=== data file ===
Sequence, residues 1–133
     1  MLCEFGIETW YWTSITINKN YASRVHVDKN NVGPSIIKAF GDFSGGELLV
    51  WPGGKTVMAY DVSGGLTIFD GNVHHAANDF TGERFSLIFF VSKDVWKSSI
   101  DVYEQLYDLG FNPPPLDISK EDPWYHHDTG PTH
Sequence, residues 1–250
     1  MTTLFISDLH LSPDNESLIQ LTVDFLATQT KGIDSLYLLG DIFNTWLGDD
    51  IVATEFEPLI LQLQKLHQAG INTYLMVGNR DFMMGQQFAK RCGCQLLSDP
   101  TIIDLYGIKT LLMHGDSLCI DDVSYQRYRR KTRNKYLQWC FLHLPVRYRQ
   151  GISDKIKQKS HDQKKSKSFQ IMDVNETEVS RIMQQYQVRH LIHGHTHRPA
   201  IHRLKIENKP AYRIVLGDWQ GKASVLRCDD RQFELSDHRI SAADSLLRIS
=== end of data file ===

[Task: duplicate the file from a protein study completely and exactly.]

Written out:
Sequence, residues 1–133
     1  MLCEFGIETW YWTSITINKN YASRVHVDKN NVGPSIIKAF GDFSGGELLV
    51  WPGGKTVMAY DVSGGLTIFD GNVHHAANDF TGERFSLIFF VSKDVWKSSI
   101  DVYEQLYDLG FNPPPLDISK EDPWYHHDTG PTH
Sequence, residues 1–250
     1  MTTLFISDLH LSPDNESLIQ LTVDFLATQT KGIDSLYLLG DIFNTWLGDD
    51  IVATEFEPLI LQLQKLHQAG INTYLMVGNR DFMMGQQFAK RCGCQLLSDP
   101  TIIDLYGIKT LLMHGDSLCI DDVSYQRYRR KTRNKYLQWC FLHLPVRYRQ
   151  GISDKIKQKS HDQKKSKSFQ IMDVNETEVS RIMQQYQVRH LIHGHTHRPA
   201  IHRLKIENKP AYRIVLGDWQ GKASVLRCDD RQFELSDHRI SAADSLLRIS